The Heart of Homeschooling
by Terra Kittrell
When I first approached my husband about the idea of
homeschooling our children, he had two major reservations: my sanity and extracurricular
activities. My husband,
LaTrelle, was a small town football and basketball star. While he certainly views the
educational side more important for his own children, his school life was
wrapped up in sports, and he loved every minute of it. I completely understood… having
lettered in softball and spending my high school years in the marching band’s auxiliary. We both loved school. What about prom and other
activities, he had asked…although our children were far away from the worries
of tuxedos and corsages.
Things were different today, I reassured him, and started my research to
ease both of our fears, and to learn more about extracurricular activities and
socialization opportunities for our children.
One of the first places I was directed was tuscaloosahomeschool.com. By their own definition, Tuscaloosa Home Educators (THE) is a support and resource group for home educators in Tuscaloosa and surrounding communities. Through their site, I was able to find out that Tuscaloosa has the following sports available for homeschoolers: Varsity and Junior Varsity Boys’ and Girls’ basketball, Varsity and Junior Varsity Boys’ baseball and Girls’ Softball. There’s also Girl’s volleyball, and this year tennis instruction was added. Homeschoolers are invited to play football and participate in cheerleading with North River Christian School, and Tuscaloosa Christian opened up their band to homeschooler participation. THE involves a $10 annual fee, and they keep members updated by email and calendar updates of current events. The Warriors and Lady Warriors are competitive yet inclusive sports teams. There’s also the annual Spring Formal, a prom-equivalent activity open to homeschoolers and their dates each Spring.
My kids’ favorite homeschooling activity we participate in is co-op. A co-op is a gathering of students for fun or educational instruction, facilitated by parents. Each homeschooling co-op is structured differently. Some are open to any homeschooled student, and some are open to only those students enrolled in a particular church school. We attend King’s Co-op, and we meet at University Church of Christ. Our co-op is open to any homeschooler and is held on Fridays from 8:30am until noon. Co-op is set up into four 45 minute block periods, with a 15 minute snack period in the middle. For children ages 3rd grade and under, teachers (parents) rotate through their classrooms, bringing them age appropriate instruction on various topics. For 4th grade and above, students “choose” their classes prior to the semester starting, much like private and public school children choose their schedules. Parents offer to teach subjects in which they have a particular interest or educational background. Because I am a nurse, I taught an elementary health class to kindergartners my first year in co-op, and because I took Japanese as my foreign language in high school, I taught a unit on Japan the next. Some of the other classes that have been offered are just as interesting: woodworking, art, a career class, Cross Fit, babysitting instruction, orienteering and geocaching, Reader’s Theater, and cooking. Each semester, Japan International Karate Center comes to our co-op location and offers a weekly karate class. We have a student who will be testing for her black belt next semester! For high school age students, various science labs and classes are offered to help enrich credit classes taught by the parents. After each co-op Friday, we have an “After Co-Op Hot Spot” where we gather with friends. We’ve done things as simple as picnic and play at various local parks, to more organized activities like bowling, skating, and swimming. Fridays are full days for us, but my kids live for it! Our co-op friends also organize various field trips and fun activities such as the annual Talent Show, camping trips, and the annual Back-to-School swimming party at the UA Recreational Pool. There are several co-ops offered in Tuscaloosa County. Some meet on different days and have different structures, but the goal is the same...to unite students and parents.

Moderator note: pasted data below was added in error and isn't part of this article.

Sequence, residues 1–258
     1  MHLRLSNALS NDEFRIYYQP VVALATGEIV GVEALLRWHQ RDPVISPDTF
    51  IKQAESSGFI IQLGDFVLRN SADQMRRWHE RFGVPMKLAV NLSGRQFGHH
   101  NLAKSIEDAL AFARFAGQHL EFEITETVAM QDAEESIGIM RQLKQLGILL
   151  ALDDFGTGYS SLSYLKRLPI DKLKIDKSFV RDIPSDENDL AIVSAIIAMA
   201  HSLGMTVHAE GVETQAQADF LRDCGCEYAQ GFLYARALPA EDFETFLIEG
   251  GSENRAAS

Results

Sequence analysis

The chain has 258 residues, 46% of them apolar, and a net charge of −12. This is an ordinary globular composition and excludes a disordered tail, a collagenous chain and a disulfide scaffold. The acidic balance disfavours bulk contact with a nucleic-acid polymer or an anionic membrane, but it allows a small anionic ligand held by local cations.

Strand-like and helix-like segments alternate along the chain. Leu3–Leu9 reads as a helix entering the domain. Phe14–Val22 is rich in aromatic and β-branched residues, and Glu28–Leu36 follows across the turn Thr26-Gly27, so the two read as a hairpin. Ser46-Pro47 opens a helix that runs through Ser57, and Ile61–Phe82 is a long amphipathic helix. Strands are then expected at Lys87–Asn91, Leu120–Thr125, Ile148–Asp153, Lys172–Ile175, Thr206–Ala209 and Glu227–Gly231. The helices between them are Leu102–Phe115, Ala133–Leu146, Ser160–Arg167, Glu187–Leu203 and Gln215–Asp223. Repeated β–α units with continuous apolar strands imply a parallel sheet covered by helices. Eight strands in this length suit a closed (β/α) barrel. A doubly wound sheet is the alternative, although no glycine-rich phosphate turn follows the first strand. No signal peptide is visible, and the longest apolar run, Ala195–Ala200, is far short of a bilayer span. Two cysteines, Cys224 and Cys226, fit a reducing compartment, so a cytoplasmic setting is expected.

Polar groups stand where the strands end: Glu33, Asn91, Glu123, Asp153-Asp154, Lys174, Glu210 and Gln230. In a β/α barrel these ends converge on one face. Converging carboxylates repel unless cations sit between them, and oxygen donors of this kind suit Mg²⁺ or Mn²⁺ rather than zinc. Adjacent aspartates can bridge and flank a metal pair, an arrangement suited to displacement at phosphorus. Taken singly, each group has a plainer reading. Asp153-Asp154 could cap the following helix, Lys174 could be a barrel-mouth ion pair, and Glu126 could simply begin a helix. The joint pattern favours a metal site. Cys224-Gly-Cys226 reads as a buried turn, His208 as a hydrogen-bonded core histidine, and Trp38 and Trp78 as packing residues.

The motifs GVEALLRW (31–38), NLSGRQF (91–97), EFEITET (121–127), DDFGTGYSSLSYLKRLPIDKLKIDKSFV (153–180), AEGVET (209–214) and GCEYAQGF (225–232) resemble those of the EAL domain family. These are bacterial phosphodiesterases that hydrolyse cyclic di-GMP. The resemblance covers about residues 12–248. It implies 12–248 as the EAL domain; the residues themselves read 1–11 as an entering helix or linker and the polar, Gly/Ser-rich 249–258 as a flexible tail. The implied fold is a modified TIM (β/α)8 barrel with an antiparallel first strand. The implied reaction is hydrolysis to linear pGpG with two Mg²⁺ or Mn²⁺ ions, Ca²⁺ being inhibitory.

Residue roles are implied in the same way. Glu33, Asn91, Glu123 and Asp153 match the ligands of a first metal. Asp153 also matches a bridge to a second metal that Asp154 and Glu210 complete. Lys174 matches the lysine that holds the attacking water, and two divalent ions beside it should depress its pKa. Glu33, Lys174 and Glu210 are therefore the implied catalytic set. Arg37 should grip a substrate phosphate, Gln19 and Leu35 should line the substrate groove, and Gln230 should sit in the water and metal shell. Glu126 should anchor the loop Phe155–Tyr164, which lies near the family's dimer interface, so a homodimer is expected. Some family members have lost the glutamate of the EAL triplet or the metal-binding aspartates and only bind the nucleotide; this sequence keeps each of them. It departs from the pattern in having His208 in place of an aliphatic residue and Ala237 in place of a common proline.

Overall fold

There are many other activities, as well. The list is too vast to include here, but if you or someone you know has a specific question about an activity available to homeschoolers, please email me at email@example.com and I can get you pointed in the right direction!